The metro’s head of safety and security, John Best, said on Thursday that the municipality hoped to reclaim its roads from lawlessness and the general disregard for traffic laws with the launch of a duly authorized Metro Police ghost squad.
Best was commenting after a covert Metro Police unit, using unmarked vehicles that are fully equipped to record traffic violations, took to the metro’s streets on Wednesday.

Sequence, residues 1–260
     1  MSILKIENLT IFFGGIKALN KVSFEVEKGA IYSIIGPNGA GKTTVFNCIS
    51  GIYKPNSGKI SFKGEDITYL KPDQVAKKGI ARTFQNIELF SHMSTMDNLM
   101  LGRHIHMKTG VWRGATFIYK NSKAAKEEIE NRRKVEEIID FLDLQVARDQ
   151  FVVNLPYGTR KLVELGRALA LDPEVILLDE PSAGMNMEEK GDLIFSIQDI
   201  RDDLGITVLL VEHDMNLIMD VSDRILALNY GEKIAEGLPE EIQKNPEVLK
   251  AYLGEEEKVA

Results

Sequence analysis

“The National Prosecuting Authority (NPA) first had to approve the unit, which took months, and the officers were trained to operate the on-board cameras effectively, to avoid legal loopholes for transgressors.
“Within three hours of starting, officers pulled over an overloaded taxi and the driver was charged for contravening regulation 233.1 (b) of the National Road Traffic Act which means he must now answer for his inconsiderate driving and overloading the vehicle.This means the vehicle was overloaded with an unbelievable 27 children,” said Best.
The ghost squad has four vehicles and the Metro Police have one covert traffic department vehicle, which brings the tally of unmarked vehicles in the metro to five.